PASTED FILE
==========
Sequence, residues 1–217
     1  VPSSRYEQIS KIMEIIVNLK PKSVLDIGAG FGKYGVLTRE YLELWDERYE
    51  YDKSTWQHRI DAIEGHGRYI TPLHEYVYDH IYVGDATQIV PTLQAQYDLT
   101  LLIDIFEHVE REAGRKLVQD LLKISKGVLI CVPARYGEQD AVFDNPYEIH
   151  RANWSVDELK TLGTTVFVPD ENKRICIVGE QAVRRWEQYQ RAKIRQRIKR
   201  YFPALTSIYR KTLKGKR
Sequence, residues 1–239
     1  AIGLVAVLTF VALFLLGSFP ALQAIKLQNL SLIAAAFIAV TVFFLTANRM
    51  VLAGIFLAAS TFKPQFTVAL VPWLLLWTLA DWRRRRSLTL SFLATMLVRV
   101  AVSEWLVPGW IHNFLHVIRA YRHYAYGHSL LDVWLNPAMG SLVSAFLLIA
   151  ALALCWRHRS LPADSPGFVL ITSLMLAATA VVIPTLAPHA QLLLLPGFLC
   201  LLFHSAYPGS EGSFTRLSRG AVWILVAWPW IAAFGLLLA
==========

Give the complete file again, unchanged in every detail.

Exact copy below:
Sequence, residues 1–217
     1  VPSSRYEQIS KIMEIIVNLK PKSVLDIGAG FGKYGVLTRE YLELWDERYE
    51  YDKSTWQHRI DAIEGHGRYI TPLHEYVYDH IYVGDATQIV PTLQAQYDLT
   101  LLIDIFEHVE REAGRKLVQD LLKISKGVLI CVPARYGEQD AVFDNPYEIH
   151  RANWSVDELK TLGTTVFVPD ENKRICIVGE QAVRRWEQYQ RAKIRQRIKR
   201  YFPALTSIYR KTLKGKR
Sequence, residues 1–239
     1  AIGLVAVLTF VALFLLGSFP ALQAIKLQNL SLIAAAFIAV TVFFLTANRM
    51  VLAGIFLAAS TFKPQFTVAL VPWLLLWTLA DWRRRRSLTL SFLATMLVRV
   101  AVSEWLVPGW IHNFLHVIRA YRHYAYGHSL LDVWLNPAMG SLVSAFLLIA
   151  ALALCWRHRS LPADSPGFVL ITSLMLAATA VVIPTLAPHA QLLLLPGFLC
   201  LLFHSAYPGS EGSFTRLSRG AVWILVAWPW IAAFGLLLA